Modelling the potential geographic distribution of an endangered pollination corridor in Mexico and the United States Academic Article uri icon


  • © 2016 John Wiley & Sons Ltd Aim: Every spring endangered Mexican long-nosed bats (Leptonycteris nivalis) migrate up to 1200 km from central Mexico to southern United States. Evidence suggests that L. nivalis follows the blooms of paniculate agave plants (genus Agave, subgenus Agave). Paniculate agave inflorescences are adapted to attract bats, and studies have indicated that Leptonycteris spp. played a key role in Agave speciation. We test the hypothesis of the Agave migratory corridor by (1) modelling the distribution of the relevant Agave species; and (2) testing whether bat records are significantly related to Agave species richness as predicted by our models. Location: Mexico and United States. Methods: We selected nine paniculate Agave species based on a set of criteria and modelled the current distribution of those species using maxent and the Genetic Algorithm for Rule-set Production (GARP), and geographic information systems to analyse the spatial correspondence of Agave richness and presence of L. nivalis. Results: We combined the Agave presence maps that resulted from the models with higher performance to create a richness map. This map indicated up to five species overlapping. L. nivalis occurrence areas correspond with areas with two, three and four Agave species more often than random expectations at the 0.05 significance level. The opposite is observed for areas with 0 Agave species where L. nivalis correspond less often than random. Main conclusions: Presence–pseudo-absence and presence–background modelling tools allowed us to map potential Agave presence. These maps could guide conservation actions to ensure the maintenance of this pollination corridor. Areas with higher number of Agave species are distributed along mountain chains and may provide foraging resources for L. nivalis for longer period of time during its migration. We recommend implementing a long-term monitoring programme in those areas to document inflorescence timing in Agave species and the presence of L. nivalis.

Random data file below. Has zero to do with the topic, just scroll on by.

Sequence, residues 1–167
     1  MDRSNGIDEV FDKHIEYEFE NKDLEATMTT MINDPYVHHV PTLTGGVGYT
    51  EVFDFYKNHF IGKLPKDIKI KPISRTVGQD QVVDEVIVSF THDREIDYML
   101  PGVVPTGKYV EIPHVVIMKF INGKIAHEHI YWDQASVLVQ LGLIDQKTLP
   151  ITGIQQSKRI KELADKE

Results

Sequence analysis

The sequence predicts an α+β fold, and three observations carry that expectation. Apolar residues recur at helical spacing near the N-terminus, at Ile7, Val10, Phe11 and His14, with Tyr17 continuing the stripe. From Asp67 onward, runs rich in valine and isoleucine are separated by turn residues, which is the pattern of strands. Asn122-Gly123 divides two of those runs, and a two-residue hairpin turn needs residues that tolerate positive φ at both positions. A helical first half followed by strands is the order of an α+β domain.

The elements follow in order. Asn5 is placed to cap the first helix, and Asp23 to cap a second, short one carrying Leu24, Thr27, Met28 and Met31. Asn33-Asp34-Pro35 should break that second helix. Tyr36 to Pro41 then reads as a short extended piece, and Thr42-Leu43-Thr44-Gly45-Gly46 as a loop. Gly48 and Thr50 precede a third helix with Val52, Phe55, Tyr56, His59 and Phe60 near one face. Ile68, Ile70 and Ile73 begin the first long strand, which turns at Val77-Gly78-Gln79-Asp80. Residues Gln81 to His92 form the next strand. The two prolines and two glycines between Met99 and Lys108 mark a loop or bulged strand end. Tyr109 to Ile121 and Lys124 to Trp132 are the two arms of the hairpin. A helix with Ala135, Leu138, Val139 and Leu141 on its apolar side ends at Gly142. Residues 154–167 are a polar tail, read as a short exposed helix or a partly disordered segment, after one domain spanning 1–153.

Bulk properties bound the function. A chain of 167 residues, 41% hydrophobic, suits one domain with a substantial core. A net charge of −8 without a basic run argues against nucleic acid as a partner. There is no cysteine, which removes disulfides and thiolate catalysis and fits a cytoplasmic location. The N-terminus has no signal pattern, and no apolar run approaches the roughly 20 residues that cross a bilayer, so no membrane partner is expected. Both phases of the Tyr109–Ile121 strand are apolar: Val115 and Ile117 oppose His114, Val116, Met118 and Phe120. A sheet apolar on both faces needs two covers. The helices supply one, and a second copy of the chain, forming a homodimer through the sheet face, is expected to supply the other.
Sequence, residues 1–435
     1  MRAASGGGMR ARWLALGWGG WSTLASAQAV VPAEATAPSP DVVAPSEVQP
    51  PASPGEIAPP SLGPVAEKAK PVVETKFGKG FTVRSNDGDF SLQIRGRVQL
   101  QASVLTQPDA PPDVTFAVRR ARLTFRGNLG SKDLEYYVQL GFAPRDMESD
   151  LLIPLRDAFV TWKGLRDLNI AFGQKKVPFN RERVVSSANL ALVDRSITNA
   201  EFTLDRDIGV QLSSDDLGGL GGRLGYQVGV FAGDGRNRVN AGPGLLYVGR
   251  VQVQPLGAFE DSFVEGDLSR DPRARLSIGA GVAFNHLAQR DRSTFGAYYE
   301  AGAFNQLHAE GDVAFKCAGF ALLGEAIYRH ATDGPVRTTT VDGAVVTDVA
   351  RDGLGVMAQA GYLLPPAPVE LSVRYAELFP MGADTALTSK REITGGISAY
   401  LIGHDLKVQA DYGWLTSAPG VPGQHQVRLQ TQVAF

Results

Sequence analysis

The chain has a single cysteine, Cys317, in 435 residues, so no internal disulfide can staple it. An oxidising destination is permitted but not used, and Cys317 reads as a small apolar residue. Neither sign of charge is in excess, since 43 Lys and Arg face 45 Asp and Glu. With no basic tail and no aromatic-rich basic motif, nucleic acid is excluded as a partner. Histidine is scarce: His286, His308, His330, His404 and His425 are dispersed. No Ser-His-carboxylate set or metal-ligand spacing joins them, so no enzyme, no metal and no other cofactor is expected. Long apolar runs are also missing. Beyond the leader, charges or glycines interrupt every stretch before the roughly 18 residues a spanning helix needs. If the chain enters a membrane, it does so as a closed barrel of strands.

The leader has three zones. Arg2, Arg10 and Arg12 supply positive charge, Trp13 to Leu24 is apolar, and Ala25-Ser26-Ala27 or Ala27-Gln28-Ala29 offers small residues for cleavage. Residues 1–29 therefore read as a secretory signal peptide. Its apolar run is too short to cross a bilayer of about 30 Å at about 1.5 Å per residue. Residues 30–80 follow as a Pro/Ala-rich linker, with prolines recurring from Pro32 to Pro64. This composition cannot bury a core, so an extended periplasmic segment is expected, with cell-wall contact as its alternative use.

altmetric score

  • 1.5

author list (cited authors)

  • Gómez‐Ruiz, E. P., & Lacher, T. E.

citation count

  • 13

publication date

  • October 2016